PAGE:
After the questions Jan talked about our latest community project, the recording of copper slag which has been used as a construction material. There was huge interest from the audience in the project and we signed up lots of new volunteers, who will soon be out recording the history of Swansea.
Jan talks about our latest community project at the launch of CuSP.
Chris James, one of our volunteers in the Heritage Environment Record, was in the audience for the launch. So when he was busy working away in the HER and saw some photographs of copper slag coping blocks he knew we’d be interested. He wasn’t wrong! This a photograph of a section of wall on the Tennant Canal:
Copper slag coping blocks topping a section of wall on the Tennant Canal
So, the photographs have started to come in, but there are still lots of sites out there. If you know of more or would like the chance to record some of Swansea’s fascinating history why not contact Jan and get involved.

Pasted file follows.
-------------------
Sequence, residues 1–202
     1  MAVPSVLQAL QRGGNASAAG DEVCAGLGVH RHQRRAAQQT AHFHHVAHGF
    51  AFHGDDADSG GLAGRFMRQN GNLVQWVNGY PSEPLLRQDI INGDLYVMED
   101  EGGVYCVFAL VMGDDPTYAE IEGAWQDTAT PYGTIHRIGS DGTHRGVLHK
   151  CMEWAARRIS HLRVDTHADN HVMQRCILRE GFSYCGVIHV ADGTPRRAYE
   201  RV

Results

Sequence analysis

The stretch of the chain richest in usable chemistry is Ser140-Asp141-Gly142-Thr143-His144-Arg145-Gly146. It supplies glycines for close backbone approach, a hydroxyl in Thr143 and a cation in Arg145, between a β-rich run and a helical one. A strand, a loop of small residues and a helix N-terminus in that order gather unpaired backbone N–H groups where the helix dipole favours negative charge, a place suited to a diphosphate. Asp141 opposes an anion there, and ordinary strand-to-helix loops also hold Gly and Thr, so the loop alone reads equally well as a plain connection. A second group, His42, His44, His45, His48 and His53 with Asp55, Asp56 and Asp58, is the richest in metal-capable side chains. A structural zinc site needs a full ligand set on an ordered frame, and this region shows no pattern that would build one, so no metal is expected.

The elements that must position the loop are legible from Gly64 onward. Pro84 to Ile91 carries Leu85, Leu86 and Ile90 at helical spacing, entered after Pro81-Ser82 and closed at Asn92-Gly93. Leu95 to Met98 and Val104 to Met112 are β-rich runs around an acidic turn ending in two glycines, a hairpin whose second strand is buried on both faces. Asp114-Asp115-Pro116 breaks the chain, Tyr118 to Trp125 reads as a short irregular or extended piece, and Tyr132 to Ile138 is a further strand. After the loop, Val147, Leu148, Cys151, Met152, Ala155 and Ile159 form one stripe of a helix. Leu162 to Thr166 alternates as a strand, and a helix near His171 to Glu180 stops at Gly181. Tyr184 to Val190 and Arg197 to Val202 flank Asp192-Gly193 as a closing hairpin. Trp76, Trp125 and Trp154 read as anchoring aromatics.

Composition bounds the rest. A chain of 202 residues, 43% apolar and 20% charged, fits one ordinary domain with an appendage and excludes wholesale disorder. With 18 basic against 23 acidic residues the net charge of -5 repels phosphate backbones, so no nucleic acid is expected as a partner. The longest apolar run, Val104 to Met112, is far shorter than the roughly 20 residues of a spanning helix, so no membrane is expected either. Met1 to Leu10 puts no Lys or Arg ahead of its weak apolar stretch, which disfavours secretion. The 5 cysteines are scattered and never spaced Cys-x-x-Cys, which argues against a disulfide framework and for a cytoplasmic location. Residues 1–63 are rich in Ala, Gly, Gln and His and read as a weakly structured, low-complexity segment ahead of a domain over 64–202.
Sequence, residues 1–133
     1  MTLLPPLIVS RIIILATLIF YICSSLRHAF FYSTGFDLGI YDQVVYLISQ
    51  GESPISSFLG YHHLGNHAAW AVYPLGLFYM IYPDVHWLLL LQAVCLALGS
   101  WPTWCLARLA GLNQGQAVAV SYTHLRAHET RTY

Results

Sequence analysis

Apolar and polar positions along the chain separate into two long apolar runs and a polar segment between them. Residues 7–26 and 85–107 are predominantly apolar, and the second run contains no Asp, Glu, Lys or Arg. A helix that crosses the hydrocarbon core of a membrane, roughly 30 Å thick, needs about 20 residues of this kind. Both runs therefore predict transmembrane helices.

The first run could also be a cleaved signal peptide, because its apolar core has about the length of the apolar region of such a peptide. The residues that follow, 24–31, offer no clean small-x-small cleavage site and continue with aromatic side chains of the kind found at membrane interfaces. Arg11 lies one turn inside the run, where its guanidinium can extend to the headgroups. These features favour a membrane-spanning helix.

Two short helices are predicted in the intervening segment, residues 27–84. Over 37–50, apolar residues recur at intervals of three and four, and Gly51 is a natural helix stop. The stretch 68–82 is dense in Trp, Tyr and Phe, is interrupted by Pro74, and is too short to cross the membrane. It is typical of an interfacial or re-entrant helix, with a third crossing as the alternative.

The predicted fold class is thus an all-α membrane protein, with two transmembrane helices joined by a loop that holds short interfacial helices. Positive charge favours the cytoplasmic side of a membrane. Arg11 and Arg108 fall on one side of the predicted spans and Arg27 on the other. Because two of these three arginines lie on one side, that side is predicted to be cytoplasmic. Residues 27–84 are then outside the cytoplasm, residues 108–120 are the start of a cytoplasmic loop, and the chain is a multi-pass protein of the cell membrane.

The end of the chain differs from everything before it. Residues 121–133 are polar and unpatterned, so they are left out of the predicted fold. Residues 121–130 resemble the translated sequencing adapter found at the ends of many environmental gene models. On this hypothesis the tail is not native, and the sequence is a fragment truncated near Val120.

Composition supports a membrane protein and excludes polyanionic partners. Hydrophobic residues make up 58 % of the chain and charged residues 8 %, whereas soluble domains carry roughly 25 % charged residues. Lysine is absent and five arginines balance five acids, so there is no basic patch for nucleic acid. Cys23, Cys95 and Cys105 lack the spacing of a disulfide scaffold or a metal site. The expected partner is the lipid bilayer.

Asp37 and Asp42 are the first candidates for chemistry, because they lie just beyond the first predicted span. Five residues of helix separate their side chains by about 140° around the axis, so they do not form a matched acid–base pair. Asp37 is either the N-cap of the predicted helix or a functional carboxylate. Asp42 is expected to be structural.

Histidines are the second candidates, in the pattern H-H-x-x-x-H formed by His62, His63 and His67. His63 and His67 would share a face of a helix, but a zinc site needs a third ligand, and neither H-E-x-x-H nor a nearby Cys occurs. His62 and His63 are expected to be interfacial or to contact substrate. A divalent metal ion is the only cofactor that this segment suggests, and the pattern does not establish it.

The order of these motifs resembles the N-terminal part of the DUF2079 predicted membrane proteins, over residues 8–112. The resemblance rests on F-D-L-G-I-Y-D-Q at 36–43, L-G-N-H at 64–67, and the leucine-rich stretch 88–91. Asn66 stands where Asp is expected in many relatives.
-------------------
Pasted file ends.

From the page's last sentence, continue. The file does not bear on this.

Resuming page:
Building blocks made from copper slag, in the canal wall.
Hello folks, I hope 2014 has being going well for you. At GGAT we’ve been busy beavering away at putting together our latest phase of commuity archaeology work at the Hafod Copperworks – CuSP. Otherwise known as the Copper Slag Project. Our community archaeologist Janet will be launching the project on Monday the 17th February at 18:00 in the Hafod Community Centre. Why not come along and see whether you’d like to take part. Everybody will be very welcome, so come along and have a chat with Janet.
A selction of industrial glassware including two watch glasses (far left and upper right). These are used as a surface to evaporate liquids, hold solids for weighing and cover beakers.